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Brener, Michael I.; Lurz, Philipp; Hausleiter, Jörg; Rodes-Cabau, Josep; Fam, Neil; Kodali, Susheel K.; Rommel, Karl-Philipp; Muntane-Carol, Guillem; Gavazzoni, Mara; Nazif, Tamim M.; Pozzoli, Alberto; Alessandrini, Hannes; Latib, Azeem; Biasco, Luigi; Braun, Daniel; Brochet, Eric; Denti, Paolo; Lubos, Edith; Ludwig, Sebastian; Kalbacher, Daniel; Estevez-Loureiro, Rodrigo; Connelly, Kim A.; Frerker, Christian; Ho, Edwin C.; Juliard, Jean-Michel; Harr, Claudia; Monivas, Vanessa; Nickenig, Georg; Pedrazzini, Giovanni; Philippon, Francois; Praz, Fabien; Puri, Rishi; Schofer, Joachim; Sievert, Horst; Tang, Gilbert H. L.; Andreas, Martin; Thiele, Holger; Unterhuber, Matthias; Himbert, Dominique; Alcazar, Marina Urena; Bardeleben, Ralph Stephan von; Windecker, Stephan; Wild, Mirjam G.; Maisano, Francesco; Leon, Martin B.; Taramasso, Maurizio and Hahn, Rebecca T. (2022): Right Ventricular-Pulmonary Arterial Coupling and Afterload Reserve in Patients Undergoing Transcatheter Tricuspid Valve Repair. In: Journal of the American College of Cardiology, Vol. 79, No. 5: pp. 448-461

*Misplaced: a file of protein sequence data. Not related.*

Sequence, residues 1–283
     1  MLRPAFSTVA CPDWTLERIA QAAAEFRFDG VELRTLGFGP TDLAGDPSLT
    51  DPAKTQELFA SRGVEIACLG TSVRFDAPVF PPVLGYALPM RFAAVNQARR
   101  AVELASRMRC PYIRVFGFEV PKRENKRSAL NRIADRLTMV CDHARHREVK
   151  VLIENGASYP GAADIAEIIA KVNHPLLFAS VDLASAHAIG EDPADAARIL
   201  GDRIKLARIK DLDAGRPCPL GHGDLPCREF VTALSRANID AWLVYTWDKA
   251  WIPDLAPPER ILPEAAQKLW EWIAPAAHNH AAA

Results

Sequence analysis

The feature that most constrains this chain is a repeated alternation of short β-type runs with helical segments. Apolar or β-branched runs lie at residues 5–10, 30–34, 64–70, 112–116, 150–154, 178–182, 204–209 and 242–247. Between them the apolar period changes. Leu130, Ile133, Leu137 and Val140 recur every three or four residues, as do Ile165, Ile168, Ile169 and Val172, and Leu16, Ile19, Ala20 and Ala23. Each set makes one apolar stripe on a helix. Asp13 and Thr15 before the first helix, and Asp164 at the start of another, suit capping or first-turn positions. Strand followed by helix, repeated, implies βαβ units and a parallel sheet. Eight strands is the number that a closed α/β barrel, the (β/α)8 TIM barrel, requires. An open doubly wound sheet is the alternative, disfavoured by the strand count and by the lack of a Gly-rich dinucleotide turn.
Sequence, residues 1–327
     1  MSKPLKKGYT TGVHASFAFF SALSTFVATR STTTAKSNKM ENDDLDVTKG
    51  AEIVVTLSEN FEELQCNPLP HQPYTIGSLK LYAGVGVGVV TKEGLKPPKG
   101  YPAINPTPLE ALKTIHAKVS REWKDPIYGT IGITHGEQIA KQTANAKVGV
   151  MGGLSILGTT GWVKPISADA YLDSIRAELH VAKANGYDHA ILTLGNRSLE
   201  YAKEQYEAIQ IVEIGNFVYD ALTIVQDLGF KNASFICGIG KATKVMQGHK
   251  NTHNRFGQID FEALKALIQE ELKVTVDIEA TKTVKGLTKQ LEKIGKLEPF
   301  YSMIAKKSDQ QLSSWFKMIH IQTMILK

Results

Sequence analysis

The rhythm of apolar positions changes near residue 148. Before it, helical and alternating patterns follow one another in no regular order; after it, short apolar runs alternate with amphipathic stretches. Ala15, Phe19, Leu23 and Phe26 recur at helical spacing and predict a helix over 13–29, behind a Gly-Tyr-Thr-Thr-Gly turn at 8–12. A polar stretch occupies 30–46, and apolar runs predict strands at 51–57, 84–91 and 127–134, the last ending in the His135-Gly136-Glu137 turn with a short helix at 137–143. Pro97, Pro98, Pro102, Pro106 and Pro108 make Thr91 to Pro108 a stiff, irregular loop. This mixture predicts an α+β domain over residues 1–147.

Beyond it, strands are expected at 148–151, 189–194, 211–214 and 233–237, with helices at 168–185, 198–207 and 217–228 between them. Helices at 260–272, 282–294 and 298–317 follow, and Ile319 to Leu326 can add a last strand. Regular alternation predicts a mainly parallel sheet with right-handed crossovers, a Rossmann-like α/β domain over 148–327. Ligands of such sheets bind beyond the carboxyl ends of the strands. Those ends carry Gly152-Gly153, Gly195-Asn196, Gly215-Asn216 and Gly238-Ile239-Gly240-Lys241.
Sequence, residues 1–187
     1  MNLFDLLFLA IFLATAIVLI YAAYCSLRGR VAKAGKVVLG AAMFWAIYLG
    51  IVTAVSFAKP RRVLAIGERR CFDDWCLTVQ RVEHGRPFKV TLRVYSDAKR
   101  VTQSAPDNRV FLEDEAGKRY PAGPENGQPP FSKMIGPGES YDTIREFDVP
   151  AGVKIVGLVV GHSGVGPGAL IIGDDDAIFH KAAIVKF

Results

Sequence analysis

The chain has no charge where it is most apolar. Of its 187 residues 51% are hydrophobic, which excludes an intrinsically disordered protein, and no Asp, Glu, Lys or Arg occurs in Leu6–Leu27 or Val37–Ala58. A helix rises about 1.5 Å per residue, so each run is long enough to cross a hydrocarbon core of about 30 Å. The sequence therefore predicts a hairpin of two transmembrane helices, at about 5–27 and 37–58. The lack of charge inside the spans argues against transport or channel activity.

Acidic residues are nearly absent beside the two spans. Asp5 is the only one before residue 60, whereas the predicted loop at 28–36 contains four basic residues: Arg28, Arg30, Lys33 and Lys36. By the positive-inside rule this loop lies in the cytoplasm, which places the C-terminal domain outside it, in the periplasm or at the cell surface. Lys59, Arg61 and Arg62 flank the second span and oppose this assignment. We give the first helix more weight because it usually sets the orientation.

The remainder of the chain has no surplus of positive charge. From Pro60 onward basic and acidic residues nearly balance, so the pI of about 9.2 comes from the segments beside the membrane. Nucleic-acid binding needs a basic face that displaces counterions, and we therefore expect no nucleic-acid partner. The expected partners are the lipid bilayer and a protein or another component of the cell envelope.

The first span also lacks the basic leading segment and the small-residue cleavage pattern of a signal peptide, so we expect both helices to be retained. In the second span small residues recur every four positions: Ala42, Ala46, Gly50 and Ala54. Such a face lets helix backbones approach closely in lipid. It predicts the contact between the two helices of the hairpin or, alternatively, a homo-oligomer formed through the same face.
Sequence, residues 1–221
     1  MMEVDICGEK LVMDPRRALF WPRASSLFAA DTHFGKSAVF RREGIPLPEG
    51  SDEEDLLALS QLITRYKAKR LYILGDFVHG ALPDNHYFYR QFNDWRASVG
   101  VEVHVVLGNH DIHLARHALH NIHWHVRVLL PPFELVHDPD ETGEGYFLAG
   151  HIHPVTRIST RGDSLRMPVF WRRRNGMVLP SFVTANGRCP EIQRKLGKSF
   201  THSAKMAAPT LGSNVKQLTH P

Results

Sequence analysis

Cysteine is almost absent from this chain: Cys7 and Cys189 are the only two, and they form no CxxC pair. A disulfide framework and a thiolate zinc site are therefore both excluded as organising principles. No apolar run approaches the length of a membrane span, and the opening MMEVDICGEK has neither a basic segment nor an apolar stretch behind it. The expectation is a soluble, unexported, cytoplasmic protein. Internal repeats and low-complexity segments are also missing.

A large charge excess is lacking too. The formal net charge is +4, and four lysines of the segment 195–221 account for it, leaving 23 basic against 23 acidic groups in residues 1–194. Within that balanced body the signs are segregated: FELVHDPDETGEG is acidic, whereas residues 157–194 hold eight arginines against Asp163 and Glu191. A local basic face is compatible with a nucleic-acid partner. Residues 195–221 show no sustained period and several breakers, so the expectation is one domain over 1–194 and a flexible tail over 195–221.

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BACKGROUND The right ventricular (RV)-pulmonary arterial (PA) coupling ratio relates the efficiency with which RV stroke work is transferred into the PA. Lower ratios indicate an inadequate RV contractile response to increased afterload. OBJECTIVES This study sought to evaluate the prognostic significance of RV-PA coupling in patients with tricuspid regurgitation (TR) who were undergoing transcatheter tricuspid valve repair or replacement (TTVR). METHODS The study investigators calculated RV-PA coupling ratios for patients enrolled in the global TriValve registry by dividing the tricuspid annular plane systolic excursion (TAPSE) by the PA systolic pressure (PASP) from transthoracic echocardiograms performed before the procedure and 30 days after the procedure. The primary endpoint was all-cause mortality at 1-year follow-up. RESULTS Among 444 patients analyzed, their mean age was 76.9 +/- 9.1 years, and 53.8% of the patients were female. The median TAPSE/PASP ratio was 0.406 mm/mm Hg (interquartile range: 0.308-0.567 mm/mm Hg). Sixty-three patients died within 1 year of TTVR, 21 with a TAPSE/PASP ratio >0.406 and 42 with a TAPSE/PASP ratio .0.406. In multivariable Cox regression analysis, a TAPSE/PASP ratio >0.406 vs .0.406 was associated with a decreased risk of all cause mortality (HR: 0.57;95% CI: 0.35-0.93;P = 0.023). In 234 (52.7%) patients with echocardiograms 30 days after TTVR, a decline in RV-PA coupling was independently associated with reduced odds of all-cause mortality (odds ratio [OR]: 0.42;95% CI: 0.19-0.93;P = 0.032). The magnitude of TR reduction after TTVR ($1+ vs <1+;OR: 2.53;95% CI: 1.06-6.03;P = 0.037) was independently associated with a reduction in post-TTVR RV-PA coupling. CONCLUSIONS RV-PA coupling is a powerful, independent predictor of all-cause mortality in patients with TR undergoing TTVR. These data suggest that the TAPSE/PASP ratio can inform patient selection and prognostication following TTVR. (J Am Coll Cardiol 2022;79:448-461) (c) 2022 by the American College of Cardiology Foundation.

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